Intel is expanding its capabilities in virtual reality, artificial intelligence and the internet of things with the planned acquisition of Movidius, whose low-power processors are designed to enable much of the processing of data gathered from such technologies as Intel's RealSense computer vision platform.
Intel officials are positioning the move as a way to increase the chip maker's presence in a broad array of devices, such as robots, drones and virtual reality (VR) headsets, and make it larger player in such emerging areas as VR, augmented reality (AR), machine learning and artificial intelligence (AI). The acquisition is also part of Intel's larger initiative to refocus much of its efforts and resources on such growth markets, pivoting away from the struggling global PC market. Computer vision will play an increasingly important role in everything from drones and VR to autonomous cars and internet of things (IoT) devices, and the addition of Movidius gives Intel a low-power system-on-a-chip (SoC) business that can complement its RealSense technology and bring on-device processing to many of these devices.
"Simply put, computer vision enables machines to visually process and understand their surroundings. Cameras serve as the 'eyes' of the device, the central processing unit is the 'brain' and a vision processor is the 'visual cortex,'" Josh Walden, senior vice president and general manager of Intel's New Technology Group, wrote in a post on the company blog. "As devices become smarter and more distributed, we recognize that specific system-on-a-chip (SoC) attributes will be paramount to giving human-like sight to the 50 billion connected devices that are projected by 2020. … With Movidius, Intel gains low-power, high-performance SoC platforms for accelerating computer vision applications."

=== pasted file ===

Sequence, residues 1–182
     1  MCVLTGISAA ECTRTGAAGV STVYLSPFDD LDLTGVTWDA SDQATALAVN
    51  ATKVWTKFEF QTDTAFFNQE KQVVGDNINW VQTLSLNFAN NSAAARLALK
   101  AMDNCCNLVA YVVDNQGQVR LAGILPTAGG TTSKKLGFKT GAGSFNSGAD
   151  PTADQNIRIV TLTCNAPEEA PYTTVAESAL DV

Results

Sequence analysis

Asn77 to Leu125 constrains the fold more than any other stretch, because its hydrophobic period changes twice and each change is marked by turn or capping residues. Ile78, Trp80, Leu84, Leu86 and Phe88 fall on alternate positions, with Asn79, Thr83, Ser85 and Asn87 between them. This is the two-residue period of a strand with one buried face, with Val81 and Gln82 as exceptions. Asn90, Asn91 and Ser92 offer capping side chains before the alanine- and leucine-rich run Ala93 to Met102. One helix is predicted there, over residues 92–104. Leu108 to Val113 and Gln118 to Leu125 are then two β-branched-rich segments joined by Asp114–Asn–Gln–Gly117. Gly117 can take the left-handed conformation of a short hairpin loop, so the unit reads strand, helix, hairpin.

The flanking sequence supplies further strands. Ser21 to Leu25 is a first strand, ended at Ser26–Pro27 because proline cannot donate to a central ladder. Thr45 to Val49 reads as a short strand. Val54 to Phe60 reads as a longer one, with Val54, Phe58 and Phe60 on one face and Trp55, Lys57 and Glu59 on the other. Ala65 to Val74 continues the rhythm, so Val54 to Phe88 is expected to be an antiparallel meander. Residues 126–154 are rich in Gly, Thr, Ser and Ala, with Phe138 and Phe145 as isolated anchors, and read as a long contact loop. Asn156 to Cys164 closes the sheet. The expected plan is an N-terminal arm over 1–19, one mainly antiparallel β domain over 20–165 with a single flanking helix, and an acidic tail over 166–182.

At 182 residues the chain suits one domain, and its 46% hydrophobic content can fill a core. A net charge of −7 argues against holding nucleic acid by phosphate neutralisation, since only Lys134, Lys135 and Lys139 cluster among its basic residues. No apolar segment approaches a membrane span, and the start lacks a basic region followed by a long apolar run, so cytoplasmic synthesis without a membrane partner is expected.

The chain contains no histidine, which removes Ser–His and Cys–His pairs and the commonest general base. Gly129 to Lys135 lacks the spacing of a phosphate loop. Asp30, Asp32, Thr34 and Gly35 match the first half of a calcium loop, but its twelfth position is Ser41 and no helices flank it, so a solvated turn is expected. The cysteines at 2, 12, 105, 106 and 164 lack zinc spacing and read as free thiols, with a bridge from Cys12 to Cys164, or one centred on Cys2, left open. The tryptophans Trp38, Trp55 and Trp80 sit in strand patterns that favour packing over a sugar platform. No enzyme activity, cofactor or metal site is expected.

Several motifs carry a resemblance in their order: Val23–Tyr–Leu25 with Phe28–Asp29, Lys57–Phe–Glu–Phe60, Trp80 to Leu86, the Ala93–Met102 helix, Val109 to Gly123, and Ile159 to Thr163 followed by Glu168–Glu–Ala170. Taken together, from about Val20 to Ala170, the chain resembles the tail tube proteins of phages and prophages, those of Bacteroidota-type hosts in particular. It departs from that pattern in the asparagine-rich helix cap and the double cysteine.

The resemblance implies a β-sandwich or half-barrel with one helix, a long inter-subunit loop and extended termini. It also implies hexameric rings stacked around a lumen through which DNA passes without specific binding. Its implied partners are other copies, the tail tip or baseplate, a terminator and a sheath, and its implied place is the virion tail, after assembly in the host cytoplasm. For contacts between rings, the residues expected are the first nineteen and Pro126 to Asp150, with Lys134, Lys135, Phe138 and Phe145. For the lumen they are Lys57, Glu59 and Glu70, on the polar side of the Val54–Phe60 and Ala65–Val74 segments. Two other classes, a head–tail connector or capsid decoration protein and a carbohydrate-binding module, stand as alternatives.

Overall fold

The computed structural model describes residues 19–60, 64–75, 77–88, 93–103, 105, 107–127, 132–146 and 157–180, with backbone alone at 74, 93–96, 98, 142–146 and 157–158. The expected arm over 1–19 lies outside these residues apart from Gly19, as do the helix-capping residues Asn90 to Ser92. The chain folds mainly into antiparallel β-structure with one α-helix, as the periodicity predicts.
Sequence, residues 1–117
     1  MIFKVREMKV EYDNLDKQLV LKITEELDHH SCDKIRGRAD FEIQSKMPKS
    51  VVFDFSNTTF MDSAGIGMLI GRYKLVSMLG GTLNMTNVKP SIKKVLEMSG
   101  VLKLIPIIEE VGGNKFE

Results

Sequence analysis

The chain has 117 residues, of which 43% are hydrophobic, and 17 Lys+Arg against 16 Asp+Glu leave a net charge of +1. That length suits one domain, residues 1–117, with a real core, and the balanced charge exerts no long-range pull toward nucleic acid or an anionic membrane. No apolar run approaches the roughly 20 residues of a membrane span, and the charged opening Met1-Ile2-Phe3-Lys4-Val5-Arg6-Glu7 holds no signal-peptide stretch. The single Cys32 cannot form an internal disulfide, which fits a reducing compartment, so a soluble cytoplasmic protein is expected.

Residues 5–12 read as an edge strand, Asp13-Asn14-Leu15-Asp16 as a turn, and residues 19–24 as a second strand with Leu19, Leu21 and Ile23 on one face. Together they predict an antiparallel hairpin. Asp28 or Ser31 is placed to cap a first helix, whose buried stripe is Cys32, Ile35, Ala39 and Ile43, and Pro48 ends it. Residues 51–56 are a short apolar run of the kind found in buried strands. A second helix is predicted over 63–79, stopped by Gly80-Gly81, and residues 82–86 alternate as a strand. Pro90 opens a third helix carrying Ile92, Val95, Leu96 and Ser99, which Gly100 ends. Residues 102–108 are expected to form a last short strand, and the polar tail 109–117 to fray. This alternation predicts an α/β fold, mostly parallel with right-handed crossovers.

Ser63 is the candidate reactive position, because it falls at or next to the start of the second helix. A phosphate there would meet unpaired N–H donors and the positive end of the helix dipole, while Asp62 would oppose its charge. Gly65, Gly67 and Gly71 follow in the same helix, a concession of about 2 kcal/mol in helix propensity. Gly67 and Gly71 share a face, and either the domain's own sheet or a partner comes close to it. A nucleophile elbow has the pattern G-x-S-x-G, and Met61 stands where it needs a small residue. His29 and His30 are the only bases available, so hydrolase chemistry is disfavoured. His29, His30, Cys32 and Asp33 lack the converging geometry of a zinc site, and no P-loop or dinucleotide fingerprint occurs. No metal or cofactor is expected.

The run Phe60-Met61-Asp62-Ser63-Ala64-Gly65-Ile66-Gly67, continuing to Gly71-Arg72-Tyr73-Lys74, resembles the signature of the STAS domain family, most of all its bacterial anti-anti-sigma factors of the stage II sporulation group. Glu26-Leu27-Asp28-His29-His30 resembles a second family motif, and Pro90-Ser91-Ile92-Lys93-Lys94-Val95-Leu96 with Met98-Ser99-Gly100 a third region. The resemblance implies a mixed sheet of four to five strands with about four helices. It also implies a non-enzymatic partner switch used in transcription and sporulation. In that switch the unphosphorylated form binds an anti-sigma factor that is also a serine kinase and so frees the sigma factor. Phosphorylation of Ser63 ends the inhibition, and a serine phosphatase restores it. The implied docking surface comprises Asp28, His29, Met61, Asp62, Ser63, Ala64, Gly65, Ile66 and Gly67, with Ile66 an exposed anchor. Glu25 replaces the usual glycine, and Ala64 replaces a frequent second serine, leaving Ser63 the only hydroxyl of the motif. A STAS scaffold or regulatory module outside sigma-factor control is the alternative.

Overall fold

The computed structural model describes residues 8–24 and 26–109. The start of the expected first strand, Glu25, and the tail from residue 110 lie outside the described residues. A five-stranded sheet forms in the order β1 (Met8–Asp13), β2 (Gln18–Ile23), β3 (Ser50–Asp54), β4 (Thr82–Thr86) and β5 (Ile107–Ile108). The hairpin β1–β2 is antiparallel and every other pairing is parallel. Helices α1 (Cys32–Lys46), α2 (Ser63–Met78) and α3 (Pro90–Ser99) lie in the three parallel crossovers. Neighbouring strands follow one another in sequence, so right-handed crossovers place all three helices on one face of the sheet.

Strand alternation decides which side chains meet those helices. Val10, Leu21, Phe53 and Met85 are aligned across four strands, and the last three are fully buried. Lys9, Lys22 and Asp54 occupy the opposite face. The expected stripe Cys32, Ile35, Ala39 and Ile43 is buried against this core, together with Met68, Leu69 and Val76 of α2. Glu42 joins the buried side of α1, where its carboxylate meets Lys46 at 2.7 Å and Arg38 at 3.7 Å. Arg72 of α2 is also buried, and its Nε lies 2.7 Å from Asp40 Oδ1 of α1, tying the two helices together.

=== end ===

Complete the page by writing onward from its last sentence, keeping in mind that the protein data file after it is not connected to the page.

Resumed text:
The Movidius acquisition is only the latest move by the chip maker to broaden its capabilities in AI, computer vision and cognitive computing. Intel officials in October 2015 announced the company was buying Saffron Technology, whose products are designed to mimic the human brain in how it learns and processes information, and in August bought Nervana Systems, a startup that has developed software and hardware for machine learning.
At the Intel Developer Forum (IDF) last month, officials also unveiled plans for a new Xeon Phi many-core chip—code-named Knights Mill—that will compete with GPUs from Nvidia in the machine-learning task for training neural networks. Intel and Nvidia are seeing their competition in the AI and deep learning fields heating up.
The addition of Movidius will give Intel another tool in the AI space. Its RealSense cameras include depth-sensing capabilities that enable systems to view the work in 3D. Much of the processing for these systems is done in the cloud, but Movidius' low-power SoCs are designed to bring more of the computer vision processing onto the devices themselves. The company's Myriad vision processing units (VPUs) are already being used by such companies as Google, Lenovo, DJI and FLIR for such devices as drones, security cameras and VR/AR headsets, according to officials.
"When computers can see, they can become autonomous and that's just the beginning," Movidius CEO Remi El-Ouazzane wrote in a post on the company blog. "We're on the cusp of big breakthroughs in artificial intelligence. In the years ahead, we'll see new types of autonomous machines with more advanced capabilities as we make progress on one of the most difficult challenges of AI: getting our devices not just to see, but also to think."
Intel's Walden said that the company sees "massive potential for Movidius to accelerate our initiatives in new and emerging technologies. The ability to track, navigate, map and recognize both scenes and objects using Movidius' low-power and high-performance SoCs opens opportunities in areas where heat, battery life and form factors are key."
In particular, Intel is looking to use Movidius' technology in such areas as AR and VR, drones, robotics and digital security cameras, he wrote.